Expression of the SOX10 gene during human development

FEBS Lett. 1998 Aug 7;432(3):168-72. doi: 10.1016/s0014-5793(98)00843-6.


SOX10, a new member of the SOX gene family, is a transcription factor defective in the Dom (Dominant megacolon) mouse and in the human Shah-Waardenburg syndrome. To help unravel its physiological role during human development, we studied SOX10 gene expression in embryonic, fetal, and adult human tissues by Northern blot and in situ hybridization. As in mice, the human SOX10 gene was essentially expressed in the neural crest derivatives that contribute to the formation of the peripheral nervous system, and in the adult central nervous system. Nevertheless, it was more widely expressed in humans than in rodents. The spatial and temporal pattern of SOX10 expression supports an important function in neural crest development.

Publication types

  • Research Support, Non-U.S. Gov't

MeSH terms

  • Blotting, Northern
  • Central Nervous System / chemistry
  • Central Nervous System / embryology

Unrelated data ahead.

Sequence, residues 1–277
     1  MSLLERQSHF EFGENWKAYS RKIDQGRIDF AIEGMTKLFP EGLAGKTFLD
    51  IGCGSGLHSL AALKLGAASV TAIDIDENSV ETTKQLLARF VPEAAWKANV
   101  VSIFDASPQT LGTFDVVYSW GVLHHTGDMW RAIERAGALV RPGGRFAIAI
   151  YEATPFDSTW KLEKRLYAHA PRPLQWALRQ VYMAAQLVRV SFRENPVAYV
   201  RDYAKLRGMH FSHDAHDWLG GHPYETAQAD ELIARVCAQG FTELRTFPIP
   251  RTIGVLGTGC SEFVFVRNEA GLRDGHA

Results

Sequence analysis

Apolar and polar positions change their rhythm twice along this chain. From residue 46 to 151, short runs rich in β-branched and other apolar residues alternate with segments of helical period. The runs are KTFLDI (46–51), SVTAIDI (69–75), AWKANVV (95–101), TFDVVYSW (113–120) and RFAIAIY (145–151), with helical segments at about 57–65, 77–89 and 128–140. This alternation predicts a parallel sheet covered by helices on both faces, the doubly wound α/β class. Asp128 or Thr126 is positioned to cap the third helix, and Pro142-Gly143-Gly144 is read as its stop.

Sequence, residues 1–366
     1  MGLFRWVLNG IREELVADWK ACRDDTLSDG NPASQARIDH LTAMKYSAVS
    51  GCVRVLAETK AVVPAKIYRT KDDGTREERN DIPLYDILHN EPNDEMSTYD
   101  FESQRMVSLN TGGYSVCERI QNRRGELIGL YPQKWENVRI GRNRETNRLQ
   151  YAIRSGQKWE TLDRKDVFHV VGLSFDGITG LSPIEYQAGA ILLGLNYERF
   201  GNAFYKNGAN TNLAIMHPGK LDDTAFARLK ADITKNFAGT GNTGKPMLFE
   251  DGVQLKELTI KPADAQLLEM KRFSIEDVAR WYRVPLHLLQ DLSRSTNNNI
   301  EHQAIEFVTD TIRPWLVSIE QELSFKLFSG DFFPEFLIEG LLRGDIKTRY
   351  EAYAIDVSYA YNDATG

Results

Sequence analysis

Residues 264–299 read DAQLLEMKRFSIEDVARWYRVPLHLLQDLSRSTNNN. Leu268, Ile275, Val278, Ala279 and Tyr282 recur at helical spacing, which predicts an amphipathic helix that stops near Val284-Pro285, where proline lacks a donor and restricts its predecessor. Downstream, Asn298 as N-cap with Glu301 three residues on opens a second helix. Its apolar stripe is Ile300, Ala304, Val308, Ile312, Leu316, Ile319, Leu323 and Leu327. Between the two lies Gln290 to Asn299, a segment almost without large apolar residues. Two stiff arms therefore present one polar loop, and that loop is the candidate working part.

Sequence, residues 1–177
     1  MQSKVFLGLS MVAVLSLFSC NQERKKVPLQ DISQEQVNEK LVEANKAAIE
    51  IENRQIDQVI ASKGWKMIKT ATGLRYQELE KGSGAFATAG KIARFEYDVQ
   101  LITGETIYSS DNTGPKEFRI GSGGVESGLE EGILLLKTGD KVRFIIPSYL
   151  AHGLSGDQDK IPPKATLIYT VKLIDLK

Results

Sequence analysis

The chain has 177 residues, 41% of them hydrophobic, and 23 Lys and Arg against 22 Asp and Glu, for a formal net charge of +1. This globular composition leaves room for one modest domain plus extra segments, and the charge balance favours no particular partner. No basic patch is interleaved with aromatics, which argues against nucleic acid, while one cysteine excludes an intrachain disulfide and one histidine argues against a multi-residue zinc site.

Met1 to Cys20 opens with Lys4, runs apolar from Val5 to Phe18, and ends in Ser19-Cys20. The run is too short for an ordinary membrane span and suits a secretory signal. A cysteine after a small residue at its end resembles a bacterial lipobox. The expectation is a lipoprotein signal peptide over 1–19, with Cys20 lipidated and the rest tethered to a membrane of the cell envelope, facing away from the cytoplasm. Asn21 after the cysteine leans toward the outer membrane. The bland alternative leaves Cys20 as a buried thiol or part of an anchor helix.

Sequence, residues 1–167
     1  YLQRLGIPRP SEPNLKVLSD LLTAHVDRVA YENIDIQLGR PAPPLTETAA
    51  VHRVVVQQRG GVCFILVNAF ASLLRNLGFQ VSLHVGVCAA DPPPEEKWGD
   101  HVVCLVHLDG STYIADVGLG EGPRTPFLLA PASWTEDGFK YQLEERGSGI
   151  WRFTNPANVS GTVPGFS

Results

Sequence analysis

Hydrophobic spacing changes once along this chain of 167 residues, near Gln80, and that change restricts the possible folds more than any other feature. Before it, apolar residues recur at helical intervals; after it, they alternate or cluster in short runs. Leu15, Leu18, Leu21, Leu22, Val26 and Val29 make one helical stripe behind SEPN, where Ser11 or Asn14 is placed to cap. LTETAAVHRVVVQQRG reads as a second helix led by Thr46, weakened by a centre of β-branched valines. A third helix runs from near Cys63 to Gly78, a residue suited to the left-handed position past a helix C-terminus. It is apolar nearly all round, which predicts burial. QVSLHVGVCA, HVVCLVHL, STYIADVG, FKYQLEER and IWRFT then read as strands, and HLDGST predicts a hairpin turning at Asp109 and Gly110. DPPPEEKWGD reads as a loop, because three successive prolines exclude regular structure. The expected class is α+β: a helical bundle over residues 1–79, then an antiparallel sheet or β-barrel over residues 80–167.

• DNA-Binding Proteins / genetics*
  • Embryo, Mammalian / chemistry*
  • Embryonic and Fetal Development / genetics*
  • Gene Expression / genetics
  • High Mobility Group Proteins / genetics*
  • Humans
  • In Situ Hybridization
  • Neural Crest / chemistry
  • Neural Crest / cytology
  • Neural Crest / embryology
  • RNA, Messenger / analysis
  • RNA, Messenger / genetics
  • SOXE Transcription Factors
  • Tissue Distribution
  • Transcription Factors / genetics


  • DNA-Binding Proteins
  • High Mobility Group Proteins
  • RNA, Messenger
  • SOX10 protein, human
  • SOXE Transcription Factors
  • Sox10 protein, mouse
  • Transcription Factors